Excessive use of psychotropic drugs has individual and systemic implications. Antipsychotics, in particular, are associated with several adverse side effects that can impair quality of life and lead to deleterious health outcomes.50 Reducing the high rate of antipsychotic use in people with intellectual disability might help to reduce the health inequalities that people with intellectual disability experience, which has been identified as a priority area for national action.51 Antipsychotic use in people with intellectual disability is complicated by the fact that many people will lack the capacity to consent to taking drugs. We must ensure that patients and their family/carers receive adequate and accessible information on the use of psychotropic drugs and are empowered to question drug treatment and seek alternatives. On a population scale, unnecessary prescribing of drugs burdens health services with avoidable costs, both directly in terms of supplying the drug and indirectly in terms of the additional monitoring that prescription of these drugs mandates.
We concentrated our attention in this study on prescribing of antipsychotics to people with intellectual disability, given that this has been the focus of most controversy. Future research should explore the appropriateness of prescription of other classes of psychotropic drugs in this group. Further investigation of the efficacy and safety of psychotropic drugs is needed, particularly when they are used for challenging behaviour.
Psychotropic drugs are an important element in the management of specific psychiatric conditions. However, we have shown that adults with intellectual disability are treated with psychotropic drugs at a rate far exceeding that of recorded mental illness and that certain subgroups (such as those with challenging behaviour) are significantly more likely to receive antipsychotic drugs. Although the prescription of antipsychotic drugs has declined over the past 15 years, more work is clearly needed as prescribing often seems to be contrary to the evidence base and clinical guidelines of good practice.
Inappropriate use of drug treatment has implications for the individual and for healthcare systems. Optimising drug use is central to improving care outcomes and will be achieved by a combination of interventions. Adoption of a comprehensive medicines optimisation programme, such as that promoted by NHS England (www.england.nhs.uk/ourwork/pe/mo-dash/), enhanced training of front line professionals, timely recognition and accurate diagnosis of mental illness in people with intellectual disability, and improved accessibility to and development of alternative therapeutic strategies could all contribute to reducing excessive use of psychotropic drugs.
What is already known on this topic
People with intellectual disability develop severe mental illness at higher rates than do the general population and may show challenging behaviour
Antipsychotic drugs might be prescribed to people with intellectual disability to manage challenging behaviour, despite lack of evidence and the risk of adverse side effects
The perceived overuse of psychotropic drugs in people with intellectual disability has been widely criticised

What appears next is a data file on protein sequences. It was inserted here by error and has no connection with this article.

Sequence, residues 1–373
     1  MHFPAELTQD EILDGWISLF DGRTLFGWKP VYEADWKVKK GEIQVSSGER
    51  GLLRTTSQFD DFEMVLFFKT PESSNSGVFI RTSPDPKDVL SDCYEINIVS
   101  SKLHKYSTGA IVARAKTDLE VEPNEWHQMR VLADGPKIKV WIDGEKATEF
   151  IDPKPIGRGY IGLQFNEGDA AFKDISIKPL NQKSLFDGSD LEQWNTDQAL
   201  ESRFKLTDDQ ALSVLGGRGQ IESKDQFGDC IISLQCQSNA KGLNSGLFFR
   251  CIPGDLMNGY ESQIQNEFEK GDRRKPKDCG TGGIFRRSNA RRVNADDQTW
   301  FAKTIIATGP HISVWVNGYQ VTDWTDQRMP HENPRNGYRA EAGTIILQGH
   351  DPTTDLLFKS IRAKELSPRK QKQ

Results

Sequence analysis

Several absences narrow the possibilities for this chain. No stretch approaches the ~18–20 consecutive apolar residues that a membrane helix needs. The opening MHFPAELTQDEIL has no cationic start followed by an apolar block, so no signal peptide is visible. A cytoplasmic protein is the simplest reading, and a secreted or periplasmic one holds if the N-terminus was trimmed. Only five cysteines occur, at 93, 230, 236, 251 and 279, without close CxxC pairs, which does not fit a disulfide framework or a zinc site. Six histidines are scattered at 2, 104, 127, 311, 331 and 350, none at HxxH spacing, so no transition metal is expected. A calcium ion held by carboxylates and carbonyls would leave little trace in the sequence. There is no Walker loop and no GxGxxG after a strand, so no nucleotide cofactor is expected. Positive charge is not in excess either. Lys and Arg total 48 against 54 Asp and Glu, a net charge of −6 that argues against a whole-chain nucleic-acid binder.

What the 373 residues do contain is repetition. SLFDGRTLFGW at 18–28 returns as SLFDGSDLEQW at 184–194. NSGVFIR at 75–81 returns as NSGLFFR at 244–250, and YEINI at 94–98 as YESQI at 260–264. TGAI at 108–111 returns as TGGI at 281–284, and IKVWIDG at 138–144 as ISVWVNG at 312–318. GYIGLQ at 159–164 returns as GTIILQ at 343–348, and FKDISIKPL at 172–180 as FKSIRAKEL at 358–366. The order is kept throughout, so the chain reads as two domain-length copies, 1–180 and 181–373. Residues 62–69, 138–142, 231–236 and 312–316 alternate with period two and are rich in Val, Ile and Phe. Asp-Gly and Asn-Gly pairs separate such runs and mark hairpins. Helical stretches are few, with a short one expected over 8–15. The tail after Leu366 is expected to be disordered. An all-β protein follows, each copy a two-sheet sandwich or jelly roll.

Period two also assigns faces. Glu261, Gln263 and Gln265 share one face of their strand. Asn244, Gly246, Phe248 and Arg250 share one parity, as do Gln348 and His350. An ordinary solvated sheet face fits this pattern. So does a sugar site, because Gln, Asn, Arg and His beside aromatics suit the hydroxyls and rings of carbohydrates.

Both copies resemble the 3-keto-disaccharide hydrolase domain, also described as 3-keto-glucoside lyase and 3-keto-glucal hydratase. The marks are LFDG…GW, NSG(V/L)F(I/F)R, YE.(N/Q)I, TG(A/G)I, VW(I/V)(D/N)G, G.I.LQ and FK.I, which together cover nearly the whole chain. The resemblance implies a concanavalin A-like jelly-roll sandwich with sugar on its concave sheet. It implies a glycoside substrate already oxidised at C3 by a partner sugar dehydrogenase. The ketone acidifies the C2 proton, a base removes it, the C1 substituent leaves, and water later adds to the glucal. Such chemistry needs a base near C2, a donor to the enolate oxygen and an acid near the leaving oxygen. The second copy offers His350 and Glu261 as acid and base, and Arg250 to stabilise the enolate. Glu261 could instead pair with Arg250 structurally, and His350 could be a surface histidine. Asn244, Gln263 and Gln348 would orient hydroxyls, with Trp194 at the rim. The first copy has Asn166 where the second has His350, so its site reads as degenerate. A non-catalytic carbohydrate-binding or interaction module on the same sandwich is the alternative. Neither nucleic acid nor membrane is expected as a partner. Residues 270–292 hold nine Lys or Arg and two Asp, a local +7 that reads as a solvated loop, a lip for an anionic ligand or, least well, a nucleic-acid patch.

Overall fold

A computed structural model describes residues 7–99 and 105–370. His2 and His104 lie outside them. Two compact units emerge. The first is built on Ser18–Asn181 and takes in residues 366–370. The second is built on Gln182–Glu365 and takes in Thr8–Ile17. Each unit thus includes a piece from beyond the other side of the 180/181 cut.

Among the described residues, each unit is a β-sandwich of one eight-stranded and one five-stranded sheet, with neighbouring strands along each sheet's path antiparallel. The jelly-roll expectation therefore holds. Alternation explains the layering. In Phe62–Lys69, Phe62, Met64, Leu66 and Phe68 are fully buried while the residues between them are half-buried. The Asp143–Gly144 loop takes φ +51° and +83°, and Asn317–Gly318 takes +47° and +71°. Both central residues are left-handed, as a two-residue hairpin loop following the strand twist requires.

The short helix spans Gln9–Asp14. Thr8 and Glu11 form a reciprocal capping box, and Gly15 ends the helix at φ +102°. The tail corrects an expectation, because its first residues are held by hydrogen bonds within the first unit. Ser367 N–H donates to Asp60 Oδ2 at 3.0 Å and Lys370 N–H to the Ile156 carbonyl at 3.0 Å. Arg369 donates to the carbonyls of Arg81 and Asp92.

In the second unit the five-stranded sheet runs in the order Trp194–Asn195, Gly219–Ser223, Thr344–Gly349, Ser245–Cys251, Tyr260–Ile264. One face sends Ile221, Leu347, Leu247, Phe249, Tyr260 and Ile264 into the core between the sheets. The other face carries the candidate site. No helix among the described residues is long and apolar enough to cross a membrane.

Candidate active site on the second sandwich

What this study adds
More than a third of people with intellectual disability have a primary care record of challenging behaviour
Prescription of antipsychotic drugs in UK primary care is disproportionate to the level of recorded severe mental illness and is associated with the presence of challenging behaviour, older age, and diagnoses of autism and dementia
Findings highlight the need for an improved evidence base for use of drugs and optimisation of drug treatment in people with intellectual disability
Cite this as: BMJ 2015;351:h4326
Contributors: All authors developed the idea and method for the study, interpreted the results, and wrote the manuscript. LH did the data extraction and analysis. RS is the guarantor.
Funding: This work received funding from the Baily Thomas Charitable Fund (grant 518669) and the UK National Institute for Health Research (grant RP-DG-0611-10003). The funders had no role in the study design, data collection and analysis, decision to publish, or preparation of the manuscript.
Competing interests: All authors have completed the ICMJE uniform disclosure form at www.icmje.org/coi_disclosure.pdf (available on request from the corresponding author) and declare: all authors had financial support from the Baily Thomas Charitable Fund and the UK National Institute for Health Research for the submitted work; AS has received research grants from the Wellcome Trust and acted as an investigator for Roche Pharmaceuticals; no other relationships or activities that could appear to have influenced the submitted work.
Ethical approval: IMS Health has overall ethical approval to supply data to researchers. The study received approval from the THIN Scientific Review Committee (reference 14-071).
Data sharing: A full list of Read codes used and drugs included is available from the corresponding author.
Transparency declaration: The lead author (the manuscript’s guarantor) affirms that the manuscript is an honest, accurate, and transparent account of the study being reported; that no important aspects of the study have been omitted; and that any discrepancies from the study as planned (and, if relevant, registered) have been explained.